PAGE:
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World’s first 3D printed concrete bridge

The Dutch love their cycling.  They’re also big on technology, efficiency, and sustainability.  And a new project seems to tick on the boxes.

Dutch engineers claim to have built the world’s first 3D printed concrete bridge. The bridge will carry cyclists over the Peelsche Loop at Gemert.  The eight-metre long bridge took three months to build.

3d printed bridge

Image credit: Bam Infra

Made from hundreds of concrete layers the bridge can bear loads of up to two tonnes.  So it can handle a few blokes in lycra.

How did they do it?

The Bam Infa website explains the process.  At least it does if Google Translate is working correctly.

The giant 3D printer has a large rack on which the elements of the structure are printed.

A hose pipe takes mortar to the print head.  A moving slide holding the print head travels over the racks.

3D print head and concrete

Image credit: Bam Infra

The liquid mortar also contains a steel wire.  This immediately strengthens the structure.

The print head deposits 1cm of mortar on each layer.  The 3D printing process works like any home or office machine.  By creating layer upon layer.

Individual elements of the finished bicycle bridge consisted of 800 layers.  When each piece of the bridge is finished it receives a weather proof coating.  Steel rods provide the extra strength the bridge needs.

 

design of 3d printed bridge

Image credit: Bam Infra

Why print a bridge?

At first glance it does seem a little like using technology for technology’s sake.  But there are real benefits to 3D printing in construction.

3D printing produces less waste and is more environmentally friendly.  Designs can be adapted quickly and can speed up some aspects of construction.

Marinus Schimmel, Director of BAM Infra Nederland, said: “We are connecting for the future.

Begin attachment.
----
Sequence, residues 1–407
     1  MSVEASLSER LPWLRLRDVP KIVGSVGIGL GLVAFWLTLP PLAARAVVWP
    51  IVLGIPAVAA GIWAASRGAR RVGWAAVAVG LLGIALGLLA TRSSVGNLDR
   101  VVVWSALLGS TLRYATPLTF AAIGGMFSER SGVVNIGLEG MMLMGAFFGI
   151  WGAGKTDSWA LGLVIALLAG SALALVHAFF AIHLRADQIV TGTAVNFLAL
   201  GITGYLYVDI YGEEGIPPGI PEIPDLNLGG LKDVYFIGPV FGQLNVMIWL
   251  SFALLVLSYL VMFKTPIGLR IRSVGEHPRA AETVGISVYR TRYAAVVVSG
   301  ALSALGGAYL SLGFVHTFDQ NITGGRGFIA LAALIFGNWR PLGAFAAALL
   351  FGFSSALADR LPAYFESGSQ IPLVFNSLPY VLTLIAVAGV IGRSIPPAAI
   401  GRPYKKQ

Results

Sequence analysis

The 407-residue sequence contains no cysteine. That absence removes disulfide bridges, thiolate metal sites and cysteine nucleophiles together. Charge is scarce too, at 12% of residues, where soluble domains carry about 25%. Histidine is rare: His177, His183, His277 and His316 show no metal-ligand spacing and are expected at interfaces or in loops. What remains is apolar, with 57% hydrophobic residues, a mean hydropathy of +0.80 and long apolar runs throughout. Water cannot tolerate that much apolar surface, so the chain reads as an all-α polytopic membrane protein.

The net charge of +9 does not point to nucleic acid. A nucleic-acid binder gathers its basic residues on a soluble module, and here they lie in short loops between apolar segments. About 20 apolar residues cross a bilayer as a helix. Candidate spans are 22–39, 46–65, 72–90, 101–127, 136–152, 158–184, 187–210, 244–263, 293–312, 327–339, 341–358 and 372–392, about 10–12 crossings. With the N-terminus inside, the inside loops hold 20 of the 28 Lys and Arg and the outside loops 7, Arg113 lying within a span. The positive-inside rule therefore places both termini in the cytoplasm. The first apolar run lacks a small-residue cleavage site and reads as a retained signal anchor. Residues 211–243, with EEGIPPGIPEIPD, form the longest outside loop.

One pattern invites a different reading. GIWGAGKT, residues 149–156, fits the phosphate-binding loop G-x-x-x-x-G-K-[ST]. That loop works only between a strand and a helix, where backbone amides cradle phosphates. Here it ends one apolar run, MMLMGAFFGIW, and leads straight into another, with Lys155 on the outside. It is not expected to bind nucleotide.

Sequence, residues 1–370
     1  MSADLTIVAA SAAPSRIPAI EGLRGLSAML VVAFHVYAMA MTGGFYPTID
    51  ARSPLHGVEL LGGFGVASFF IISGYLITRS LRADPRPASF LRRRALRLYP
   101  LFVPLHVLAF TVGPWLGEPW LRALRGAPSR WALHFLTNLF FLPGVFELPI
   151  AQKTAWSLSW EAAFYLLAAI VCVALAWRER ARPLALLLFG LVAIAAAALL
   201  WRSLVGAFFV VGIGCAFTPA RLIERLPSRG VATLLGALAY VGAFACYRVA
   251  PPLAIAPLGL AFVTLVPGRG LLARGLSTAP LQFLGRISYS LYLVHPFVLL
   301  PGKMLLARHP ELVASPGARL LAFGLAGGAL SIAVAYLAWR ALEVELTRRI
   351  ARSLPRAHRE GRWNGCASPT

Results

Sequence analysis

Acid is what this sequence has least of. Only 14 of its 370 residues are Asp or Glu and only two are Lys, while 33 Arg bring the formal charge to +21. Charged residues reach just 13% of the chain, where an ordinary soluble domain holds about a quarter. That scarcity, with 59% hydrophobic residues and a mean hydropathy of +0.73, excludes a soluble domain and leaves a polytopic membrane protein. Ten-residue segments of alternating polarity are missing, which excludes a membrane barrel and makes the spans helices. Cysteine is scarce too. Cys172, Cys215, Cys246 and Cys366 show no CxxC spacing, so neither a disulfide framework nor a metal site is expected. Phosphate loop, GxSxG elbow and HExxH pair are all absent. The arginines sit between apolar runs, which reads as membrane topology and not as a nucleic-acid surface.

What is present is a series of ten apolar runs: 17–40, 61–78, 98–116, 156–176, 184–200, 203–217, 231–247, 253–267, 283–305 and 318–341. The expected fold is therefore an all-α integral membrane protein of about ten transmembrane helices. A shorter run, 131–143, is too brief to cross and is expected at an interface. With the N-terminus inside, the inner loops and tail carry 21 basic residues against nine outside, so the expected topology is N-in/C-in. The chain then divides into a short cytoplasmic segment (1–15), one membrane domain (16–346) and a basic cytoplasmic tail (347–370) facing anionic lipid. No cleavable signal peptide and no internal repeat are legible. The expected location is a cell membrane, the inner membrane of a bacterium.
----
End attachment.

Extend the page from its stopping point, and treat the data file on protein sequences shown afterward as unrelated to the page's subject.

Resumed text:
“We are constantly looking for a newer, smarter approach to addressing infrastructure issues and thus making a significant contribution to improving the mobility and sustainability of our society.

“Innovation plays a crucial role here. 3D printing does away with the need of auxiliary materials such as formwork.

“This produces significantly less waste and we need fewer scarce raw materials. This way of working also has a positive effect on the amount of CO2 emissions during the bridge production process.”

Theo Salet, a professor at Eindhoven University of Technology, said: “(3D printing) enables each design to be realised in a unique way with the same effort.

“An important additional benefit is that all information gathered in the design process can now also be incorporated directly in the execution.

“This is an important development in the field of Building Information Management (BIM), because it brings the various parties in the supply chain closer together. Ultimately, it is the end-user who benefits from this, in terms of higher quality and customisation.”

More 3D printing innovation

The use of 3D printers is widespread in construction.  There are many projects underway involving printing houses and other Dutch engineers are working on a steel bridge.

3d printing a house

3D printing is a technology which is certain to find more applications and uses not only in construction but also in other industry. Aerospace, architecture and automobile manufacture already use the technology.

Want to use a 3D printer to build your own bicycle bridge?

Ebuyer sells 3D printers.  You won’t be able to print your own bridge – not a full-size one anyway.  But check out our great range of 3D printers for the home, school and office.  Whether you are a home user or concept designer we have a 3D printer for you.  Click here to choose your printer.

3d printer article

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Craig Ellyard

Token old guy in the office and lifelong Hull City fan with all the psychological issues that brings. To relax I enjoy walking my two Labradors, as well as running and cycling.

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